List of Heisman Trophy winners
|Awarded for||The outstanding college football player whose performance best exhibits the pursuit of excellence with integrity.|
|Location||New York City, New York|
|Presented by||Downtown Athletic Club (1937–2001)
Yale Club (2002–2003)
The Heisman Trust (2004–current)
|First awarded||December 9, 1935|
|Currently held by||Johnny Manziel|
The Heisman Trophy, one of the highest individual awards in the American college football, has been awarded 77 times since its creation in 1935, including 76 individual winners and one two-time winner. (The 2005 award was declared vacant subsequent to it having been awarded, so only 75 individuals are officially recognized as having won the award.) The trophy is given annually to the most outstanding college football player in the National Collegiate Athletic Association, and is awarded by the Heisman Trust, successors of the awards from the Downtown Athletic Club at an annual ceremony at the Nokia Theatre in New York City.
In 1935, the award, then known as the DAC Trophy, was created by New York City's Downtown Athletic Club to recognize the best college football player "east of the Mississippi River". In that inaugural year, the award went to Jay Berwanger from the University of Chicago. Berwanger was later drafted by the Philadelphia Eagles of the National Football League but declined to sign for them. He never played professional football for any team, instead choosing to pursue a career in business. In 1936, the club's athletic director, football pioneer John Heisman, died and the trophy was renamed in his honor. Larry Kelley, the second winner of the award, was the first person to win it as the "Heisman Trophy". In addition to the name change, the award also became a nationwide achievement. With the new name, players west of the Mississippi became eligible, though the first player from the western United States was not selected until 1938. Only one player, Ohio State's Archie Griffin, has won the award more than once.
Between 1936 and 2001, the award was given at an annual gala ceremony at the Downtown Athletic Club in New York City. The Downtown Athletic Club's facilities were damaged during the September 11, 2001 attacks. Due to financial difficulties stemming from the damage, the DAC declared bankruptcy in 2002, turning over its building to creditors. Following the club's bankruptcy and the loss of the original Downtown Athletic Club building, the Yale Club of New York City assumed presenting honors in 2002 and 2003. The ceremony was moved to the New York Marriott Marquis in Times Square for the 2002, 2003, and 2004 presentations, but since 2005, the event has been held at the Nokia Theatre Times Square. The move to the Nokia Theatre allowed the Downtown Athletic Club (and ultimately, the award's successor, The Heisman Trust) to resume full control of the event—the most prominent example of which was the return of the official portraits of past winners—despite the loss of the original presentation hall.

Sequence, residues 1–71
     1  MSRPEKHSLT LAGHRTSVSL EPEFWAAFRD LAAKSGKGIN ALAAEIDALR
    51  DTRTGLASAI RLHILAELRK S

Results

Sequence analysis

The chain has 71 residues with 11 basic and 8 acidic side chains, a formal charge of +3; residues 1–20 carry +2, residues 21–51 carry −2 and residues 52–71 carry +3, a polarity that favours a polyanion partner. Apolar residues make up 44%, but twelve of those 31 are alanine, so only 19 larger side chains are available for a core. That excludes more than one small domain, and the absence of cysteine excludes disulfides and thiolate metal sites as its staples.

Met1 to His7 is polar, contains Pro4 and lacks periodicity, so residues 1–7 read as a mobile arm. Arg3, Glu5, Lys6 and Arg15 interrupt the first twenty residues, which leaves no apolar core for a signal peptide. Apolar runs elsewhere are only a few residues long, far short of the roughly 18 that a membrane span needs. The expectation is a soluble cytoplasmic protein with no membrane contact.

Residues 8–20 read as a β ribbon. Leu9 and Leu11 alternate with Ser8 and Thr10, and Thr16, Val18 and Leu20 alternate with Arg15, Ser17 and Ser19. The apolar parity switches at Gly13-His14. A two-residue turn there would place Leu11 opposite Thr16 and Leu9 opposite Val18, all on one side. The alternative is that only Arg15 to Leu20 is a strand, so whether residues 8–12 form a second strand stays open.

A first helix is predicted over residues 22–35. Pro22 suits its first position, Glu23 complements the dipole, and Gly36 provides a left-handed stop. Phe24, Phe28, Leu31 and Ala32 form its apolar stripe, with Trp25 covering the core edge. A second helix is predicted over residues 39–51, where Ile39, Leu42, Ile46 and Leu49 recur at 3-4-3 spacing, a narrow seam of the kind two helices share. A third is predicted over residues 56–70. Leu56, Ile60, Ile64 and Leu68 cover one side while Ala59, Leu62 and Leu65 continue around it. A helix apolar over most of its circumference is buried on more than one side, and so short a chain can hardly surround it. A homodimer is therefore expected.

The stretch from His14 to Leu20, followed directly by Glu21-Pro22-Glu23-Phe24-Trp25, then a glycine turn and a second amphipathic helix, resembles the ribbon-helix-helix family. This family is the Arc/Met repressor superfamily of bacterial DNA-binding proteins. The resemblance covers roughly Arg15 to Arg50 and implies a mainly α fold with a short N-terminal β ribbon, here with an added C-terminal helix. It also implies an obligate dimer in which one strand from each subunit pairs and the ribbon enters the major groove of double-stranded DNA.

In terms of balloting, the fifty states of the U.S. are split into six regions, and six regional representatives are selected to appoint voters in their states (the regions include the Far West, the Mid Atlantic, Mid West, North East, South, and South West). Each region has 145 media votes, for a total of 870 votes. In addition, all previous Heisman winners may vote, and one final vote is counted through public balloting. The Heisman ballots contain a 3-2-1 point system, in which each ballot ranks the voter's top three players and awards them three points for a first-place vote, two points for a second-place vote, and one point for a third-place vote. The points are tabulated, and the player with the highest total of points across all ballots wins the Heisman Trophy.
#1 selection of draft *
|Pro Football Hall of Fame
|Both selections *^|
Trophies won by school 
This is a list of the colleges and universities who have had a player win a Heisman trophy. Ohio State and Notre Dame are tied for the most trophies at 7 each, although Ohio State has the distinction of the only two time winner, Archie Griffin, leaving their total players to have won the trophy at six. In total, players from 37 different schools have won a Heisman Trophy.
Heisman curse 
The Heisman curse is a term coined to reference a two-part assertion of a negative future for the winning player. The "curse" supposes that any college football player who wins the Heisman Trophy will lose his subsequent bowl game. The last Heisman winner to lose a bowl game was in 2008, when the University of Oklahoma's Sam Bradford lost the 2009 BCS National Championship Game to the University of Florida, 24-14.
- Lighten up. (Heisman Trophy)[dead link] Mark Purdy, The Sporting News, encyclopedia.com. December 5, 1994. Accessed March 8, 2008. (Site defunct prior to 9/10)
- Jay Berwanger, first winner of the Heisman Trophy, 1914–2002 Julia Morse, University of Chicago News Office. Chicago, Illinois. June 27, 2002. Accessed March 7, 2008.
- "The Heisman Trophy". heisman.com. Retrieved 2012-01-02.
- Archie Griffin Heisman.com. Accessed December 23, 2012.
- New York landmark's closing leaves Heisman homeless Wayne Drehs, ESPN.com. July 22, 2004. Accessed March 8, 2008.
- 9-11 Forces Heisman to Move to Yale Club[dead link] Christopher Hunt, New York Daily News. June 26, 2002. Accessed March 8, 2008.
- "Downtown Athletic Club". nyc-architecture.com. Retrieved 2008-03-07.
- Bush runs away with Heisman Trophy Ivan Maisel, ESPN.com. December 10, 2005. Accessed March 8, 2008.
- Expanded Heisman Trophy Voting Results MSNBC.com. Accessed March 8, 2008.
- "Heisman Trophy Balloting". heisman.com. Retrieved 2012-01-02.
- Chisholm, Kari. "A plea to sportswriters for statistical accuracy". Stiff Arm Trophy. Retrieved 19 December 2011.